Talk:Daniel in rabbinic literature
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7 And of thy sons that shall issue from thee, whom thou shalt beget, shall they take away; and they shall be officers in the palace of the king of Babylon.'
"Officer" is not the same as "Eunoch," and the Rabbinical tradition is in fact wrong, because the ancient Babylonians only castrated harem guards, and sometimes slaves as a form of punishment. Just thought I'd point that out.
- I wasn't in Babylon at the time, but I note that the Rabbinic literature appears simply to be repeating what it says in the first few lines of the Book of Daniel:The master of the eunuchs was given charge over some of the children of Israel, some of the king's descendants, and some of the children of nobles. -- Bob (Bob99 (talk) 12:21, 21 July 2013 (UTC))
Significant rewrite needed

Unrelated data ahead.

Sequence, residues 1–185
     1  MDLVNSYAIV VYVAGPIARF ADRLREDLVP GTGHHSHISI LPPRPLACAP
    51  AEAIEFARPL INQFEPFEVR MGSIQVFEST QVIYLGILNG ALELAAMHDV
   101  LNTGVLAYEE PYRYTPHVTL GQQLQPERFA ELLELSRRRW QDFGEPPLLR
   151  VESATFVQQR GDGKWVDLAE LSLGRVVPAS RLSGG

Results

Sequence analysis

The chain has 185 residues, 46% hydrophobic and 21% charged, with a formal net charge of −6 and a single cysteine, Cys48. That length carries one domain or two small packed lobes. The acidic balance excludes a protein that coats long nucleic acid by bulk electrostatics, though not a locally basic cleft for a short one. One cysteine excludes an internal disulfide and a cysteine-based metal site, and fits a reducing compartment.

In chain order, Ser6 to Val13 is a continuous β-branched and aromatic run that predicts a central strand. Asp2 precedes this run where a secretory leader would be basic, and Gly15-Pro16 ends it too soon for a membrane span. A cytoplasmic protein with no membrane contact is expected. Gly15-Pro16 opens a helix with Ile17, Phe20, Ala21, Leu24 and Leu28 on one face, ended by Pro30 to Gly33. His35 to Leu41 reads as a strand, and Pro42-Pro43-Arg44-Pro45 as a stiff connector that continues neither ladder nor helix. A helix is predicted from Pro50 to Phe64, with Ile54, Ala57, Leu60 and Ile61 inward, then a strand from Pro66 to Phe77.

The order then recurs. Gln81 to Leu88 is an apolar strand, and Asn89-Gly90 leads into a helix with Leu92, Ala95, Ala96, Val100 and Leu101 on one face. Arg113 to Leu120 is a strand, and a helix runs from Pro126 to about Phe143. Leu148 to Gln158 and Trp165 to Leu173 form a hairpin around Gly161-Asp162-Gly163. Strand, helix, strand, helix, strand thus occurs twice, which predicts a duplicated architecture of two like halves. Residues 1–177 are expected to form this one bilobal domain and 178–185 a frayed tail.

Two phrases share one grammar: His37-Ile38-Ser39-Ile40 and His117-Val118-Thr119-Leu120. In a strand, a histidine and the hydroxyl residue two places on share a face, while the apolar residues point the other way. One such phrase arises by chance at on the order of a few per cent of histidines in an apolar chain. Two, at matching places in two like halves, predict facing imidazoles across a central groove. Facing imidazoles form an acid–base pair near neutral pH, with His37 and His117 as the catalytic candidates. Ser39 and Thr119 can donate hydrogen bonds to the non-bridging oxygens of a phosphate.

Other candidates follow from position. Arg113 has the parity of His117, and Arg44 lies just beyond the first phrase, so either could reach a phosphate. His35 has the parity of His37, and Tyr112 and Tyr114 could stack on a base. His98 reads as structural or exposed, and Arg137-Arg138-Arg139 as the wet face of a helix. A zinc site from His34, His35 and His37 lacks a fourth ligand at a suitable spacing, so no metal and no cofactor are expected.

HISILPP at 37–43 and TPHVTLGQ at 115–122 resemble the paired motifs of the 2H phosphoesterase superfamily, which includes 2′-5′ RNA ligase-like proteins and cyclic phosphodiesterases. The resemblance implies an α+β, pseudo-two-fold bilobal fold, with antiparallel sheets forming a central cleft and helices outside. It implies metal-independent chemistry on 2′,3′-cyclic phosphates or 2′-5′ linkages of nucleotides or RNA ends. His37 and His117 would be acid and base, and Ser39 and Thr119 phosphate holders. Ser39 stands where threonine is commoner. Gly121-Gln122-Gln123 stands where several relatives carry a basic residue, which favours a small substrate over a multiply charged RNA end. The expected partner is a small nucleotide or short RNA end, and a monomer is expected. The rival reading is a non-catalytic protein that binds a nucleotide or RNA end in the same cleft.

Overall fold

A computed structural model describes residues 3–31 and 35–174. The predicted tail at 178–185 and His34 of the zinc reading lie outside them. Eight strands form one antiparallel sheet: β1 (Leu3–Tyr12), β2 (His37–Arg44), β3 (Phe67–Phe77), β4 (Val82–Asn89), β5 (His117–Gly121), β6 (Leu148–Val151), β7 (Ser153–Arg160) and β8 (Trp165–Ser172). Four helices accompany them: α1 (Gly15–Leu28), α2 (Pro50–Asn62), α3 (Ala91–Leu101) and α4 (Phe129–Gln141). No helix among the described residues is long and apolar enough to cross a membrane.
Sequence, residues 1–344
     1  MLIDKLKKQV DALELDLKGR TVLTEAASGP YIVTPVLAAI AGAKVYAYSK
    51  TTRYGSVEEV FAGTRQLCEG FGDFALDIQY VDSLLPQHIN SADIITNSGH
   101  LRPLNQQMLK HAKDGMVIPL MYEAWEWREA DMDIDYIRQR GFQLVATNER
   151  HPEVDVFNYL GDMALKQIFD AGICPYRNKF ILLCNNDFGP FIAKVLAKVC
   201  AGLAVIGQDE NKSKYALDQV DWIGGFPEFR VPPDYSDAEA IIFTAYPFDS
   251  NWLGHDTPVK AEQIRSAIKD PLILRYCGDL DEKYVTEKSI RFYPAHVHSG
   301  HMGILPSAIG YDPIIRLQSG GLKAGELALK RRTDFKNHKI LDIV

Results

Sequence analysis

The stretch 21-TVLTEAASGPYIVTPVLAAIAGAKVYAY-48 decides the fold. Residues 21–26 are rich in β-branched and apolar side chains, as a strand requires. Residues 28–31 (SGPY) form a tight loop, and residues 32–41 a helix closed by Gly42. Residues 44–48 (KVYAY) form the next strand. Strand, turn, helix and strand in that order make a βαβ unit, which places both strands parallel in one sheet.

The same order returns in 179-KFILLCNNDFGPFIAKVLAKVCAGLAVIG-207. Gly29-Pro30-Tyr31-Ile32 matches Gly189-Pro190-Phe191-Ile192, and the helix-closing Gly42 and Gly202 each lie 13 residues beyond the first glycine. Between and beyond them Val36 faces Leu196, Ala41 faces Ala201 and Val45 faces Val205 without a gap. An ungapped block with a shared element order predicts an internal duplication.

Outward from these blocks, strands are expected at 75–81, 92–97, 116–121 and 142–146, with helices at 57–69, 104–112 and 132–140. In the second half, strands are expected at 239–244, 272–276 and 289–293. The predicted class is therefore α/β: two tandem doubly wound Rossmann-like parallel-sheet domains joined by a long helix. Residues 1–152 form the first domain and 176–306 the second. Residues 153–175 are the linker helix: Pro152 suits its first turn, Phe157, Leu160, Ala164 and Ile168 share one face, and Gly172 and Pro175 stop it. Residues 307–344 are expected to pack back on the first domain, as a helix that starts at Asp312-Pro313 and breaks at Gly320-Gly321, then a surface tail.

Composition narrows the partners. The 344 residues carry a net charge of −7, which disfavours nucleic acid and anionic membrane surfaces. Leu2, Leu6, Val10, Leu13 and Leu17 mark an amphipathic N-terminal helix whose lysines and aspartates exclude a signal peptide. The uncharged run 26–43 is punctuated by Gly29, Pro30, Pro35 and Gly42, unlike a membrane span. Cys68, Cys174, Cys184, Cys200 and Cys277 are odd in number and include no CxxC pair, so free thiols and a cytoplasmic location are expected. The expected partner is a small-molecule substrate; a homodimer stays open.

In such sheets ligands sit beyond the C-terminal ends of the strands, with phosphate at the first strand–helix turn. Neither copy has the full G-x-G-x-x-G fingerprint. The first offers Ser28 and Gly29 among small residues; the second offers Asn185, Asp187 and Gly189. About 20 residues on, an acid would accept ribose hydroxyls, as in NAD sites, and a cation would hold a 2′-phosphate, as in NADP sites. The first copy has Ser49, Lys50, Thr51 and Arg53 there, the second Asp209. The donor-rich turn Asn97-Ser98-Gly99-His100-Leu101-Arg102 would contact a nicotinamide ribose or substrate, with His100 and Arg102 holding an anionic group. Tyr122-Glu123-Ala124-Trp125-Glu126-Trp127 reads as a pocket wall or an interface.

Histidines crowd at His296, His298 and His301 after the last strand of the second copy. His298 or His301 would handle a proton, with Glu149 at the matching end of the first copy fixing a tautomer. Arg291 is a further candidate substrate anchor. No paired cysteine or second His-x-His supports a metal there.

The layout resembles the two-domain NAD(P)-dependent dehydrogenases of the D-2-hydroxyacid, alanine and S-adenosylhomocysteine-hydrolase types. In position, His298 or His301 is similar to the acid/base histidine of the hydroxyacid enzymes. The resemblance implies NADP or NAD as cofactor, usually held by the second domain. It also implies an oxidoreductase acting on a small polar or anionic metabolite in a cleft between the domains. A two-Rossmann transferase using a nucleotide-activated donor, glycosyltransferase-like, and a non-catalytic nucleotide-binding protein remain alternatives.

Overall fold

This page mostly retells the stories, without any commentary explaining how they differ from that found in Book of Daniel or what the role of the rabbinic tradition is. Aristophanes68 (talk) 19:59, 20 May 2011 (UTC)
- The point, I think, is merely to catalogue what additional inferences/expansions/elaborations are found in the early rabbinical works. So pretty much everything on the page should be taken to be additional to the Book of Daniel. I've added an opening lead sentence to this effect.
- Sometimes it's connecting the story with something else to make what they thought was an interesting comment or explanation on some aspect of the story; sometimes it's simply amplification.
- The point really is just to bring together what early references there are, because they may be quite scattered; and to give an idea of what sort of things those early rabbis were inspired to write. That's I think as much as the article is setting out to do (or perhaps rather, it's as much as this bit of the article in the respected 1906 Jewish Encylopedia was setting out to do), so in my view once seen from that perspective the cleanup tag is unwarranted, and could be removed. Jheald (talk) 10:20, 17 June 2011 (UTC)